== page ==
In connection with sexual violence against women and girls, she asked whether the State party could provide information on its efforts to ensure effective enforcement of the Rape Law of 2005 and address impunity for sexual violence in all parts of the country, including any measures to: encourage victims of sexual violence to report such crimes; strengthen law enforcement and prosecutorial capacity to respond appropriately to complaints of sexual violence; and provide support to victims of sexual violence. The delegation should also provide information on the activities and impact of Criminal Court “E”, established for the prosecution of cases of sexual and gender-based violence, the sufficiency of its mandate, budget and human resources, and any measures taken to strengthen and replicate that court. The number of complaints of rape and other acts of sexual violence received in the previous five years, investigations effectively carried out, prosecutions and convictions secured, the nature of the sentences imposed and the reparations granted to victims, including with respect to acts committed during the conflict, should also be indicated. In addition, it would be interesting to know what steps were being taken to overcome the many sociocultural and institutional obstacles to ensuring that reporting rape led to prosecution.
She welcomed the update on the status of the domestic violence bill submitted to lawmakers in January 2016. In view of information indicating that the police responded inadequately to reports of domestic violence, however, she wished to know why it was taking so long for the bill to be made law, whether the Executive Order on Domestic Violence issued by the previous President was still in force and what other measures were in place to combat domestic violence, including marital rape, pending the adoption of the bill. She also wished to know how broadly domestic violence was defined in the bill, what training had been provided to prepare law enforcement, health-care and judicial personnel to respond effectively to domestic violence and whether there were any support services for the victims of such violence. In addition, she asked whether victims could benefit from comprehensive orders for both emergency and long-term protection.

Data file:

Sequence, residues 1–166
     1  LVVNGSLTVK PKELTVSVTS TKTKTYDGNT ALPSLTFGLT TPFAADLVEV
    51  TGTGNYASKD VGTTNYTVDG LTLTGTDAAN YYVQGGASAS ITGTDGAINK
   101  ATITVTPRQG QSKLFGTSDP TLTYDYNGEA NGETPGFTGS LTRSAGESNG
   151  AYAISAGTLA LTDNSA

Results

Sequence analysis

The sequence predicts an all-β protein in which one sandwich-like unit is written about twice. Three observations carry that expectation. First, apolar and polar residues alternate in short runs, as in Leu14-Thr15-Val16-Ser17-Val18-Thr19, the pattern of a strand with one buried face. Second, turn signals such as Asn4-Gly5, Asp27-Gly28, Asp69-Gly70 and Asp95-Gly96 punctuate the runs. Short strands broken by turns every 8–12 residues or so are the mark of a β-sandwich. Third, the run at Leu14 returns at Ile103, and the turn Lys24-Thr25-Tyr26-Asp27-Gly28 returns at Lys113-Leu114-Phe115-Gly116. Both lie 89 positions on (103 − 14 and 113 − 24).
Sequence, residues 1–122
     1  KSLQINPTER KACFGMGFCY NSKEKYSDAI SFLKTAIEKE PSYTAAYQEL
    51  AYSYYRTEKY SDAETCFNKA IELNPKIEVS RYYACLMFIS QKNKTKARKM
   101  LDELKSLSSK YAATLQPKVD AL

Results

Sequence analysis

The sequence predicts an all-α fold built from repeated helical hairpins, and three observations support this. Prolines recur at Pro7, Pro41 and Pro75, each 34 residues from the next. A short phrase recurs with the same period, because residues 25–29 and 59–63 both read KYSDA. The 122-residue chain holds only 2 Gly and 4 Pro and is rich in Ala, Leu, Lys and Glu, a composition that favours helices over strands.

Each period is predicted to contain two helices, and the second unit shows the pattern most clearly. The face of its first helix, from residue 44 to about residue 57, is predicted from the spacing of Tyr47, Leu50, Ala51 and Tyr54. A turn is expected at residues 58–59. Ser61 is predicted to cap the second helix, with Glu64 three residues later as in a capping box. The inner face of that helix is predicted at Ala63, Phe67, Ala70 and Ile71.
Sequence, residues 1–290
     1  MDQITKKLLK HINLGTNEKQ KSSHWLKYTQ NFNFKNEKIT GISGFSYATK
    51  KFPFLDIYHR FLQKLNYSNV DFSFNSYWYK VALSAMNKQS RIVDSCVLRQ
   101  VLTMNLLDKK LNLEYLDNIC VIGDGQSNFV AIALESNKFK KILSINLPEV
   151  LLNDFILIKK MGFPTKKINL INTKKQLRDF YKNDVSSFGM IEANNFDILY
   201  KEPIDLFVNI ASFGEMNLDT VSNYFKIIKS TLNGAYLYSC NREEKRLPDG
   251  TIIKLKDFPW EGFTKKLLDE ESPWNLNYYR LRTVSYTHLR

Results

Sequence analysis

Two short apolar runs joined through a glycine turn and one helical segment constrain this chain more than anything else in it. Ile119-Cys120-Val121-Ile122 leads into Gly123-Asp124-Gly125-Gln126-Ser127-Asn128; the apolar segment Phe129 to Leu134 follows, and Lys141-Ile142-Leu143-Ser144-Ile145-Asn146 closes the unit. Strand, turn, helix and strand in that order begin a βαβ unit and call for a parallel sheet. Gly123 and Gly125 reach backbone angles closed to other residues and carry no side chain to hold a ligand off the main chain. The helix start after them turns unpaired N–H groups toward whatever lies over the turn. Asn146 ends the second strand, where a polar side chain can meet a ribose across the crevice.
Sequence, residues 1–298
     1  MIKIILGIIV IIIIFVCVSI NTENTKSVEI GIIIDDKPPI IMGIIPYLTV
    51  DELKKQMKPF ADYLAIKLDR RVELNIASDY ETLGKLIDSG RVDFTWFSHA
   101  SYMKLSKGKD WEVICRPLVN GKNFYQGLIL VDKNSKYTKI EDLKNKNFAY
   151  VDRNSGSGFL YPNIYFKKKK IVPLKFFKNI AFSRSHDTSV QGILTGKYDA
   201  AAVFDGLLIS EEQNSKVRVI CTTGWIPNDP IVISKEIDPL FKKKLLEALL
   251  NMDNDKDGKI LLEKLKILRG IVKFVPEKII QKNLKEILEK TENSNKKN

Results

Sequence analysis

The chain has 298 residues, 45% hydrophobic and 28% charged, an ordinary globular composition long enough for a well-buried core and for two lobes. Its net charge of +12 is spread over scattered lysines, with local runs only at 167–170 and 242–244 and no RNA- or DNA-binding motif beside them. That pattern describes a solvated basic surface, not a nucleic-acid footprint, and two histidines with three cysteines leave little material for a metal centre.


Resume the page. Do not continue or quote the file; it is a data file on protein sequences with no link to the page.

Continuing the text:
She would welcome information on the annual level of teenage pregnancy, the rate of maternal mortality resulting from unsafe abortions and measures taken to address those phenomena. In the light of section 16 (3) of the Penal Law, she would also appreciate information regarding the number of official abortions and estimated clandestine abortions performed annually in Liberia. The delegation should elaborate on the requirement that two physicians must authorize a voluntary termination of pregnancy and indicate whether a denial could be effectively challenged. Lastly, she would welcome an indication of the efforts that had been made to raise awareness in connection with reproductive health, including to combat the stigmatization of the voluntary termination of pregnancy, and the steps that had been taken to ensure that men, women, boys and girls in all regions of the country had access to contraceptives and sexual and reproductive health education and services.
Mr. Shany said that he would welcome an update on the progress made by the Government in implementing the recommendations of the Truth and Reconciliation Commission. Specifically, he wondered whether there had been any progress on ensuring accountability for the most serious human rights violations and establishing, as recommended, an extraordinary criminal tribunal for Liberia. He wished to know whether the Government would be establishing a new body to draw up a road map for justice.